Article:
“It’s not that things don’t go wrong,” Mr Ward told the House Economics Committee in Canberra on Friday.
Mr Ward said the business had reduced its growth ambitions to better cope with heightened levels of compliance.
“It is certainly complicated to run a large financial business and that is the reason we have down-scaled the business significantly,” he said.
Westpac’s former consumer chief George Frazis said the Bank of Queensland, where he is now CEO, had “zero tolerance” for non-compliance with anti-money laundering legislation.
AUSTRAC in a lawsuit accused Westpac of breaching Australia’s anti-money laundering and counter-terrorism finance laws 23 million times this week.
The lawsuit also accused the bank of failing to update its systems to properly vet thousands of transactions that could be linked to child exploitation and live child sex shows in the Philippines and other parts of south-east Asia.
Mr Frazis said the bank had lifted its systems following a review by AUSTRAC last year and it had reported 2000 suspicious matters to the regulator in the past year. Seperatley, ten staff had been dismissed from the bank as a result of misconduct.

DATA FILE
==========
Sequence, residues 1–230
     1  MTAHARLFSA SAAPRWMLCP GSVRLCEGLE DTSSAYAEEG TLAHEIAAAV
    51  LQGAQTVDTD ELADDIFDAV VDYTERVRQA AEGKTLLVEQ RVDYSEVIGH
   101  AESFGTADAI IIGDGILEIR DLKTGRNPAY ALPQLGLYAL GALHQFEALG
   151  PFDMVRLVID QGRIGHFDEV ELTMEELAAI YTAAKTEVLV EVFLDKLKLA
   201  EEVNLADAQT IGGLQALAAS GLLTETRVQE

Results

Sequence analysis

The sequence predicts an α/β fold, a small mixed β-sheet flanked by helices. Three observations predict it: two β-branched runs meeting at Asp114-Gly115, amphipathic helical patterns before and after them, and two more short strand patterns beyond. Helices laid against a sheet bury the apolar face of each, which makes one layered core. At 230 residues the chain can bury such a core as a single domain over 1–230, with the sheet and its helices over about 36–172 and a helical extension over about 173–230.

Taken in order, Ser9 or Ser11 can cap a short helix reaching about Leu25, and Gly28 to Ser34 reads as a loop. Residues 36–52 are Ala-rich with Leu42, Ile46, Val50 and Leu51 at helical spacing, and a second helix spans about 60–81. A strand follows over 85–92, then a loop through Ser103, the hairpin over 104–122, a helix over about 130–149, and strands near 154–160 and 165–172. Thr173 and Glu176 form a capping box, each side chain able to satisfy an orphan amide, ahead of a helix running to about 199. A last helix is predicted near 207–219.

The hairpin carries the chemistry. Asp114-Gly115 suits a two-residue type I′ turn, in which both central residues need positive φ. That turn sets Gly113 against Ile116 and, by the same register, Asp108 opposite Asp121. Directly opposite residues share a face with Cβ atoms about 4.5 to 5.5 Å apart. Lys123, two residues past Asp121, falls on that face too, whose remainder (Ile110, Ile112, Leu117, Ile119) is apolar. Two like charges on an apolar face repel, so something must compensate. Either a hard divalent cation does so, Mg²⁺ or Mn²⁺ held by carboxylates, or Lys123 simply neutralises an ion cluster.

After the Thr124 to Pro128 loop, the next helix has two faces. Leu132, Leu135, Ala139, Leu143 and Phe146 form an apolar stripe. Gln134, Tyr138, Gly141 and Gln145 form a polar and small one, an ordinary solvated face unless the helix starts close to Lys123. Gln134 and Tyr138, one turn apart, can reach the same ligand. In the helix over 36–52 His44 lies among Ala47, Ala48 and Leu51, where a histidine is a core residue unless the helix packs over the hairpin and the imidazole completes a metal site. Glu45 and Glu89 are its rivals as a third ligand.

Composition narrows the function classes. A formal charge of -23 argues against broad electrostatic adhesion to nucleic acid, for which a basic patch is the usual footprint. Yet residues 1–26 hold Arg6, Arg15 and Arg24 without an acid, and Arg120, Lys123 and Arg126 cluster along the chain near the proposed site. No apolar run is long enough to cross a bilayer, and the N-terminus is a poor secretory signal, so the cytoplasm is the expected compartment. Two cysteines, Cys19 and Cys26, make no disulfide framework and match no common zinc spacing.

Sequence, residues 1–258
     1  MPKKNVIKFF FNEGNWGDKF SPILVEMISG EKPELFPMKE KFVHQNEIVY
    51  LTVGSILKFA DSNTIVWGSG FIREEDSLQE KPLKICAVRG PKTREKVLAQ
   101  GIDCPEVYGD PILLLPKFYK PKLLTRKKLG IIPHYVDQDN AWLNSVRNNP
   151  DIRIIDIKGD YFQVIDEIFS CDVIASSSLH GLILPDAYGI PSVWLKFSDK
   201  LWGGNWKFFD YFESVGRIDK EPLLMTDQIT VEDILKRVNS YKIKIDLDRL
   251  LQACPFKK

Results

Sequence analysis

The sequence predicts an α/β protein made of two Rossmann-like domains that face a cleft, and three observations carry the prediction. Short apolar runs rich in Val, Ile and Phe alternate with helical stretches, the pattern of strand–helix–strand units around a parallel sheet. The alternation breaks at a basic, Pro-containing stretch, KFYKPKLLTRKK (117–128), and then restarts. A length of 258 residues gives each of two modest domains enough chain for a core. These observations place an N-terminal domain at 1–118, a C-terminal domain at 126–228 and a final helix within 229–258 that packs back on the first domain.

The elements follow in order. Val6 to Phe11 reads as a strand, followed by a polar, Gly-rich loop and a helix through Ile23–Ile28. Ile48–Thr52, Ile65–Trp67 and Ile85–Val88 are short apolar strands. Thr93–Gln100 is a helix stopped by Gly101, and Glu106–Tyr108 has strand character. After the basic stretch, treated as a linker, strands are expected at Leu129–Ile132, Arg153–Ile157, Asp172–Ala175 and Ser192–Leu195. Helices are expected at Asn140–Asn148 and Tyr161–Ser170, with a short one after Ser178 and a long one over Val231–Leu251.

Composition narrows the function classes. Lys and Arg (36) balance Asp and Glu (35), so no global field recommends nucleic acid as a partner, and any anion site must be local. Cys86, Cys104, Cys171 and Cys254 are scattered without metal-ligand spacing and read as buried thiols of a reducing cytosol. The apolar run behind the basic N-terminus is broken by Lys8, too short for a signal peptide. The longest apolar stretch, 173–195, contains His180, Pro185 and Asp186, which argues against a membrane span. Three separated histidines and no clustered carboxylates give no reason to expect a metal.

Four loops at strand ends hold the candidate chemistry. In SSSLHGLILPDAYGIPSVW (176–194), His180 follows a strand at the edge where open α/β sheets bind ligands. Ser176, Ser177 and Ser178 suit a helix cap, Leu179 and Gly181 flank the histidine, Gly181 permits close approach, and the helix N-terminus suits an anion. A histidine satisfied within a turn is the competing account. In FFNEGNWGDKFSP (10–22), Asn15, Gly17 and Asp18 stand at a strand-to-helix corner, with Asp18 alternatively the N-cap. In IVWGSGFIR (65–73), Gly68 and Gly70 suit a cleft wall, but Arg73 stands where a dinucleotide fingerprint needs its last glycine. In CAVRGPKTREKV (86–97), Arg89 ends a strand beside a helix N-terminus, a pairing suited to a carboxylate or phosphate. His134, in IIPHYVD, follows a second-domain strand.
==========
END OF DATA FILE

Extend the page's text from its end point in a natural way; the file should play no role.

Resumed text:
“You have no choice but to continue improving your processes in this area,” he said.
Bendigo and Adelaide Bank CEO Marnie Baker said the sector should work together to develop anti-money laundering measures because there was no competitive advantage.
Up to 20 staff had been dismissed from the bank for other misconduct matters over the past 12 months she said.
Head of the Australian Prudential Regulation Authority, Wayne Byers, will appear before the committee on Monday. MPs will decide if they will formally call Westpac to appear by Wednesday.
The committee’s deputy chair, Labor MP, Andrew Leigh said he would be following up on reports that a Westpac compliance officer who reported the breach has been fired.
“If true, this would be a shocking turn of events,” he said. “Because APRA has a direct interest in banks complying with the rules, I’ll be asking them whether they intend to take any action about it, and what implications it could have for employees who speak out.”
Eryk Bagshaw is an economics correspondent for The Sydney Morning Herald and The Age, based at Parliament House in Canberra